Reichenberger's Favorite Story of 2021

Writing About a Colorado Brewery Wasn't the Best Part

Joel Reichenberger
By  Joel Reichenberger , Progressive Farmer Senior Editor
At the Colorado Farm Brewery, every ingredient in several of its beers comes from the property, barley, hops, water and even the yeast. (DTN/Progressive Farmer photo by Joel Reichenberger)

Editor's Note:

2021 was a wild one, from a tumultuous change in the White House, to continued La Nina influences on the weather, to skyrocketing fertilizer and input costs. There were also a lot of good stories to tell. As the calendar year comes to a close, we asked the DTN/Progressive Farmer writing team to pick their favorite effort from the year. The stories range from fun insights into ag entrepreneurs to serious investigations into the unintended consequences of popular production methods, to life lessons learned along the way to telling the tale. Each story also includes a link to the original story, in case you missed that. Enjoy a look back, with our fourth story shared by Joel Reichenberger.


STEAMBOAT SPRINGS, Colo. (DTN) -- It was a story I didn't get that led me to one I did, my favorite story that I wrote in 2021.

I was planning a reporting trip to New York when, in my research, I stumbled across a farm brewery. I like breweries and I grew up on -- and continue to write about and photograph -- farms. A farm brewery seems like my kind of place.

More seriously, the idea of a farm brewery -- where the ingredients in the beer are grown on the farm -- touches on something I love to write about: farmer ingenuity.

I grew up on a wheat farm in south-central Kansas, and we simply hauled our grain to town, truck after truck, until there was no more. Diving into reporting with DTN and Progressive Farmer has opened my eyes to just how crafty farmers can get marketing their crop. There's more to the world than hauling it to the elevator.

Turning a crop into beer on the very property where the crop grew? Brilliant! What a great way to use the land and pad the bottom line. I had one problem, though. The brewery in New York would not return a call. I left message after message by phone, sent emails and even tried to ping them on Facebook, all to silence.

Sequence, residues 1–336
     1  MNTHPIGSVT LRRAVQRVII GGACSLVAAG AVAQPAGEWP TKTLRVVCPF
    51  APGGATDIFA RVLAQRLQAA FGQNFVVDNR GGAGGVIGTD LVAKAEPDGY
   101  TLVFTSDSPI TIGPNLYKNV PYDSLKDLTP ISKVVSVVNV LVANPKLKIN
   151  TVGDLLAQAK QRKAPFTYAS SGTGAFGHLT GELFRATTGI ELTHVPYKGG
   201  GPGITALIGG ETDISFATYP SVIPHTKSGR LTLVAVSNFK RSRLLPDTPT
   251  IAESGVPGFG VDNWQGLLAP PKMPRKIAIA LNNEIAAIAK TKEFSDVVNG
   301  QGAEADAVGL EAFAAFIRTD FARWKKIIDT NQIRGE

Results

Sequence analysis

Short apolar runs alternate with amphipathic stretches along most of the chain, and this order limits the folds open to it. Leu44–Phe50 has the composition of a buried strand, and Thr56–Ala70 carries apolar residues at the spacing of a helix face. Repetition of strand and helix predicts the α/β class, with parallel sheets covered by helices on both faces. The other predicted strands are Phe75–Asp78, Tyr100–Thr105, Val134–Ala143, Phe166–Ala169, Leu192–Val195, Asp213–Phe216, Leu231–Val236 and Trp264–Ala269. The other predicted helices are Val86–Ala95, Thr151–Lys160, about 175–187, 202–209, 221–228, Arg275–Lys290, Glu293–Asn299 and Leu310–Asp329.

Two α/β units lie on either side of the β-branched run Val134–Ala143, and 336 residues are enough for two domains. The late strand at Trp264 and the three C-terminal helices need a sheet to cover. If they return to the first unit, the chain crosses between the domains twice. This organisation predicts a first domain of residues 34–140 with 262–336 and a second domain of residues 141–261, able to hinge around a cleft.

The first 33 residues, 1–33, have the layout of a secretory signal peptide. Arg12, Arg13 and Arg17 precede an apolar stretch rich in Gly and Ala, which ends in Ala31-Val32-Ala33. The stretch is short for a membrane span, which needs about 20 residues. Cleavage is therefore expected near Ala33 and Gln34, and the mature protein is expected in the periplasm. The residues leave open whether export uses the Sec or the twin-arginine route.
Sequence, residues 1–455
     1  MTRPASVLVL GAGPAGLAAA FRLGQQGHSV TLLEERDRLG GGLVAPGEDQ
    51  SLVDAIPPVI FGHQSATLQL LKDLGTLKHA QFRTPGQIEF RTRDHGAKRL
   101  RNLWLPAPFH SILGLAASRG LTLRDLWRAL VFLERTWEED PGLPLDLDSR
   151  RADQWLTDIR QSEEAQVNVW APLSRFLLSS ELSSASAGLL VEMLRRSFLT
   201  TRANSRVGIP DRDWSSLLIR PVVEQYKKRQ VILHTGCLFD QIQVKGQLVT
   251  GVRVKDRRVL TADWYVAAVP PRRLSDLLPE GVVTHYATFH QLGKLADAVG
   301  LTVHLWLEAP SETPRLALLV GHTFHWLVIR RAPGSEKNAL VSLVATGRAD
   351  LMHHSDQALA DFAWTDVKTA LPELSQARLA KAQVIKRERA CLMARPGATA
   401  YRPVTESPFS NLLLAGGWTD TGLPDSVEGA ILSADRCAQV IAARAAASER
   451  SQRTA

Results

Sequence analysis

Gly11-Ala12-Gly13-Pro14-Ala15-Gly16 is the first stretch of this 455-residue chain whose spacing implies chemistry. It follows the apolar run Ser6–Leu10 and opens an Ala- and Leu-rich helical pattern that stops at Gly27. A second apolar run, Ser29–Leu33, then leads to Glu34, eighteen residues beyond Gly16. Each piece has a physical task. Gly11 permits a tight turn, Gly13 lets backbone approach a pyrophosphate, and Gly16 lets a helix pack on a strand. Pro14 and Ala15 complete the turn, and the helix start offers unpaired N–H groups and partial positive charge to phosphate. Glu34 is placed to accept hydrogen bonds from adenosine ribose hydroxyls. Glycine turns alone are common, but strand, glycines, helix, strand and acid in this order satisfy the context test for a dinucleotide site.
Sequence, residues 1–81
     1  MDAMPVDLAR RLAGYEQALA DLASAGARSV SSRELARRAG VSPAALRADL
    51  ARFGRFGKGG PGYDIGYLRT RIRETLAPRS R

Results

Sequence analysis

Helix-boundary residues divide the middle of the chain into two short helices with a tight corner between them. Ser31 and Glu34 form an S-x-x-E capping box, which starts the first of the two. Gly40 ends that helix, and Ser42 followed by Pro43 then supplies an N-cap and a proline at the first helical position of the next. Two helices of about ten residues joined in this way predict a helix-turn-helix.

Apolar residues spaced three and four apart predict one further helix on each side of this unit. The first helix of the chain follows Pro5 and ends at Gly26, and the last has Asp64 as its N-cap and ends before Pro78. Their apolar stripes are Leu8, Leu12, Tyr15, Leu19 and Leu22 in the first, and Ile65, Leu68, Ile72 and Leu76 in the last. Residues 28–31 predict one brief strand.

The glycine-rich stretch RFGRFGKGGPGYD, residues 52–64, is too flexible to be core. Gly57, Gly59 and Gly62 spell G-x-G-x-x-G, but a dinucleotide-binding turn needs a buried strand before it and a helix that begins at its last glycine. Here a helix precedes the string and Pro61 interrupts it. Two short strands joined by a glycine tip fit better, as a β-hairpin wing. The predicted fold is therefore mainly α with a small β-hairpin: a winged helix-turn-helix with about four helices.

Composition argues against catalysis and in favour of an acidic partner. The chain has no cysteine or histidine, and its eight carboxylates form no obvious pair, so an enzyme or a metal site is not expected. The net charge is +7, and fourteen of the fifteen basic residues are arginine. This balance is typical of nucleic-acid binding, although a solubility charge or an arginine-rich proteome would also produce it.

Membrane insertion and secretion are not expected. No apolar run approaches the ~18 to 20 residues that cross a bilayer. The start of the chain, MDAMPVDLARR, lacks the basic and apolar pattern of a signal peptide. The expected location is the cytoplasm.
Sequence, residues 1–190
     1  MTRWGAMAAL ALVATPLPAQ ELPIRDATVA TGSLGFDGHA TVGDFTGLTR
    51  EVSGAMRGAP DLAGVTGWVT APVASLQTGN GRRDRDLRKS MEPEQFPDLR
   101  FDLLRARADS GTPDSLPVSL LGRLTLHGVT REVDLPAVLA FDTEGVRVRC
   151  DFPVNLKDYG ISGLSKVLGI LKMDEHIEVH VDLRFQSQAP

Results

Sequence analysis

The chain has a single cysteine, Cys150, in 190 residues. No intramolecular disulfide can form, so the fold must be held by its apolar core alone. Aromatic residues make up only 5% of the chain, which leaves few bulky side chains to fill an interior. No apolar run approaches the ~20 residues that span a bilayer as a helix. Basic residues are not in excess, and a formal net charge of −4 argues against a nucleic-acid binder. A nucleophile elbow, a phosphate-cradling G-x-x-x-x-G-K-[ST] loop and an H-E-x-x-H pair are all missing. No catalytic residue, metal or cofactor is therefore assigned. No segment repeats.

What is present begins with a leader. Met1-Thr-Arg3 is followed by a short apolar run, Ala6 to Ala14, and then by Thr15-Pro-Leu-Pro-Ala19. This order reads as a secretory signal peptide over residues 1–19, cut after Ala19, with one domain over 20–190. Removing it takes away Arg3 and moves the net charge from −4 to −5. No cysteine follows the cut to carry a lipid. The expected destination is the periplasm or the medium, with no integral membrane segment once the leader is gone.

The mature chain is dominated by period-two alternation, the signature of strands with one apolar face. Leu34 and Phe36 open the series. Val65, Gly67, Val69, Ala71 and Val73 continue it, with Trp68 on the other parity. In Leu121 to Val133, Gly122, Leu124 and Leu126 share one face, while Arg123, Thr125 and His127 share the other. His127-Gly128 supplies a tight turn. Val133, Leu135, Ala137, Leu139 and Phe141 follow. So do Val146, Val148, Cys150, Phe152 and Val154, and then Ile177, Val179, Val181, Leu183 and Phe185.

I went about my reporting trip, but I didn't forget the idea.

As it turned out, the brewery I needed was a heck of a lot closer than New York, and, frankly, a heck of a lot better than what I had any hope of getting there.

The Colorado Farm Brewery is just outside Alamosa, Colorado, close to my headquarters in Steamboat Springs, at least as far as agriculture stories are concerned. And it was exactly what I'd hoped.

Jason and Josh Cody act as the faces of the business, but there's plenty of family and even a few neighbors involved. The most accessible thing they do is the brewery, where they have eight to 10 of their beers on tap, several of which are "estate beers," meaning every ingredient is from the 300 acres surrounding the taphouse. That includes the hops, the barley, even the water, pumped from below, and yeast, a strain specific to their farm.

They're likely the only brewery in the country that truly sources 100% of those select beers from their property.

It all goes far deeper than a brewery, though. The Cody family has become one of the world leaders in creating craft malt, mostly from their barley. They stay even busier with that than they do slinging beers, shipping all around the country with much of it ending up in small-batch whiskeys from custom distillers.

Sometimes you show up to report a story and you have to dig deep to find the interesting nuggets, or details are only revealed after long hours attacking Google. Not on this assignment. The more we talked, the better it got. Nearly everything about their business is uber-local and has a family history. The building that's now their taphouse was the machinery shop when their grandfather ran the farm. Their first malting equipment went into the dairy barn. Even the tables and the bar top are crafted from storm-felled trees planted by the original homesteader, Jason and Josh's great grandfather, Pappy Ray Cody.

Pappy Ray had started the family on its path by signing contracts to grow barley for Coors Brewing Company. The family's footprint swelled in the valley during the next few decades, but by the early 2000s, that business couldn't pay the bills and the family was all-but-decided to sell the last bit of land it retained.

They decided to adapt rather than sell, however, and by the time of my visit, the Cody's legacy in Colorado's San Luis Valley was as healthy as it had ever been.

For me as a storyteller, there's nothing better than farmers doubling down on their own ability and ingenuity to save the farm and provide for a new generation. That's why it was the best story I wrote in 2021. Oh, and there was beer there.

To see the story, go to:….

Joel Reichenberger can be reached at

Follow him on Twitter @JReichPF

Joel Reichenberger